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|Size||16 feet of linear shelf space|
|Abstract||The collection of Charles M. Smallwood (1920-1996) contains scrapbooks, photographs, publications, research notebooks with dance notation, organizational records, and scattered correspondence related to his research and writings on international folk dancing. Scrapbooks hold a variety of materials including newspaper and magazine clippings, picture post cards, photographs, flyers, newsletters, and programs for dance performances and folk festivals such as Folkmoot USA in western North Carolina. Images in post cards and photographs depict folk dancing and traditional costumes and clothing. Publications include books, magazines, journals, and directories related to folk traditions, particularly dancing. Descriptive notes and dance notation including figures and diagrams comprise the research notebooks documenting a variety of specific folk dances from all over the world. Organizational records include by-laws and financial documents for the National Folk Organization of the United States of America. Scattered correspondence includes letters to Smallwood and his wife Judith R. Smallwood from Vytautas Finadar Beliajus, Lithuanian folk dancer and founder of Viltis: A Magazine of Folklore and Folkdance. Dance traditions represented in the collection span the globe and include Greek, Serbian, Bulgarian, Turkish, German, Russian, Jewish and Israeli, Maori, Kenyan, Indonesian, and Native American folk dancing. Acquired as part of the Southern Folklife Collection.|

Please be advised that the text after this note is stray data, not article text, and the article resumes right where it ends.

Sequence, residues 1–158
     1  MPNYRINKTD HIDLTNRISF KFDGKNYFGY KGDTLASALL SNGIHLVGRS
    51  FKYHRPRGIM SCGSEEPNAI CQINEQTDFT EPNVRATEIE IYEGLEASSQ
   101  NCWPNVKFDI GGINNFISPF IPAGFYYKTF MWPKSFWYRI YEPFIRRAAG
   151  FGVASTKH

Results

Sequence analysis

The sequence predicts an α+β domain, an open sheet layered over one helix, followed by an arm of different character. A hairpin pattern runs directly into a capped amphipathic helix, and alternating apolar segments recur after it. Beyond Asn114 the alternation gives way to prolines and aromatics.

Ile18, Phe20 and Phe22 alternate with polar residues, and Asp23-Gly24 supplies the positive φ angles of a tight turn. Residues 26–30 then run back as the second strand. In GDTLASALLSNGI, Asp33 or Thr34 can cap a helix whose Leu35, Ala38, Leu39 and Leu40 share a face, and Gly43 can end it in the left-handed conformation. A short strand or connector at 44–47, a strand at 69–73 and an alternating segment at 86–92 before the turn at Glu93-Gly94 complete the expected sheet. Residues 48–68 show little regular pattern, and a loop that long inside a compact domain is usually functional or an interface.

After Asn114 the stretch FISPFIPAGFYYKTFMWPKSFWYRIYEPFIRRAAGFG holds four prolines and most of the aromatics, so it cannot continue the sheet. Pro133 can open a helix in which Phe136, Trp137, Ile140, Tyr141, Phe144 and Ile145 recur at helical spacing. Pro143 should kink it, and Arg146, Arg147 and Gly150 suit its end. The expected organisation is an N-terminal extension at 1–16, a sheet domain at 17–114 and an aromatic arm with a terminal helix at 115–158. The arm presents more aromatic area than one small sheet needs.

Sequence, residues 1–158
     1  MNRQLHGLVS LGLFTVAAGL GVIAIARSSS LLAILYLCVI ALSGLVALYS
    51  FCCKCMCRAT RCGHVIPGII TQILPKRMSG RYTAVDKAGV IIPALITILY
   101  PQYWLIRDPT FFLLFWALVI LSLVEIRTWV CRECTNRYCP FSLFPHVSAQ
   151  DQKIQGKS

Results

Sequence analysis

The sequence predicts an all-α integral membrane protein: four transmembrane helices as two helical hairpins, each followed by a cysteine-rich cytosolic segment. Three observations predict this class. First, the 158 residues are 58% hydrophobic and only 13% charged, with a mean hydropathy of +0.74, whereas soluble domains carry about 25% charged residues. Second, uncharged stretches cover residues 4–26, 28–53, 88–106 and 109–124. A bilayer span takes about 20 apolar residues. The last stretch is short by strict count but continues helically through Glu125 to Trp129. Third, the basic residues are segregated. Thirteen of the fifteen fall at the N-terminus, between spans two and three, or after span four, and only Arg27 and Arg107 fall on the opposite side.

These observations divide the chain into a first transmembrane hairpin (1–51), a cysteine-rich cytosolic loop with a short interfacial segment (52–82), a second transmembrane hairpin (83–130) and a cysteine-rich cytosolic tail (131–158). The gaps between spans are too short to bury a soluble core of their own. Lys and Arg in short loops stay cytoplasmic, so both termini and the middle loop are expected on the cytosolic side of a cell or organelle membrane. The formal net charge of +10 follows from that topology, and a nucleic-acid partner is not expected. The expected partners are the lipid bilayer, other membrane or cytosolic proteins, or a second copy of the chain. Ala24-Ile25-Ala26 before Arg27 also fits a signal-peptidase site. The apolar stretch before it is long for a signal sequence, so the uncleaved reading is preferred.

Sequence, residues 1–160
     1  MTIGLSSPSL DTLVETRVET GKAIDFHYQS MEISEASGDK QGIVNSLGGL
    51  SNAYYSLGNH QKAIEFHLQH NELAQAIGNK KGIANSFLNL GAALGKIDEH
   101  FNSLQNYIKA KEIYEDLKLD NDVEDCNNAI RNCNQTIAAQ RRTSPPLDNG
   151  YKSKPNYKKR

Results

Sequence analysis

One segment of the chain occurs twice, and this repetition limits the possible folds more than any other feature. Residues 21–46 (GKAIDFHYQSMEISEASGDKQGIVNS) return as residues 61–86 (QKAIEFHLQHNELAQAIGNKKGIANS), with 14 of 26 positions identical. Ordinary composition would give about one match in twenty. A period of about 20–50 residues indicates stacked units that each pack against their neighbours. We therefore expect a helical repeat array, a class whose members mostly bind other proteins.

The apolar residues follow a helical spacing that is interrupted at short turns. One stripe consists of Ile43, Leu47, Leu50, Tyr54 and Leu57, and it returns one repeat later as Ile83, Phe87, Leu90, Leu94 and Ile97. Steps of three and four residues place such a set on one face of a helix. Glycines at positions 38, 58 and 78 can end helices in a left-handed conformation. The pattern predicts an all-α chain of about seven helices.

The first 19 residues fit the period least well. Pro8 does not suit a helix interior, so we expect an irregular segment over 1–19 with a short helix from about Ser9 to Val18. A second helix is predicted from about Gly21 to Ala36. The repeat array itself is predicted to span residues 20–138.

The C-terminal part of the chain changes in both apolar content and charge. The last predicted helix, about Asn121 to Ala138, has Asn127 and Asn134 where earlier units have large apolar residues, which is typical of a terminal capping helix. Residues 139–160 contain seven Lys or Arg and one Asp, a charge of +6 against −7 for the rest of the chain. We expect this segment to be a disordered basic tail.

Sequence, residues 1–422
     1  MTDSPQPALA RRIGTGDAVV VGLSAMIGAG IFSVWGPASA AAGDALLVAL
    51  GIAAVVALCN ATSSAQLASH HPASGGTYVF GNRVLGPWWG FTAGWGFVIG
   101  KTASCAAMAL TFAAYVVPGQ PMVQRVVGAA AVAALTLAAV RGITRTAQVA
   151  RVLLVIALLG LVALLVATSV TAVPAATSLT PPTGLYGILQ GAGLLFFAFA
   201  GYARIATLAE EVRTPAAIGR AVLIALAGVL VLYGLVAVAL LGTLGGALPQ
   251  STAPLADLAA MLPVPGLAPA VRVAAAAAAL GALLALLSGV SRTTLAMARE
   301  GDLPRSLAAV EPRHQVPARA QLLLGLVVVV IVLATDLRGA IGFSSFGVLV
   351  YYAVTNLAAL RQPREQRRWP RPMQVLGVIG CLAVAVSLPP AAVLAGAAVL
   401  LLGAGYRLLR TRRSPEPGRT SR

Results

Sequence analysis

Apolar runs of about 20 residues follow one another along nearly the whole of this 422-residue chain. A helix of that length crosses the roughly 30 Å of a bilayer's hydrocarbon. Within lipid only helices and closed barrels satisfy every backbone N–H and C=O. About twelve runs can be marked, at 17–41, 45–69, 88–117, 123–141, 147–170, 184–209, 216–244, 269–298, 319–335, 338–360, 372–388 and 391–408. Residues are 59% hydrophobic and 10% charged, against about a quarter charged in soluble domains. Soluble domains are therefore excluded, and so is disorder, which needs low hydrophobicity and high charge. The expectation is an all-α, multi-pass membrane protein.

|Creator||Smallwood, Charles M., 1920-|
Charles M. Smallwood (1920-1996) was a professor of civil engineering at North Carolina State University. He received his PhD from Harvard University in 1950 and specialized in water pollution control. Smallwood also studied international folk dancing and supported folk dance communities, festivals, publications, and organizations.Back to Top
This summary description was created in July 2018 to provide information about unprocessed materials in Wilson Special Collections Library.
Encoded by: Laura Smith, July 2018Back to Top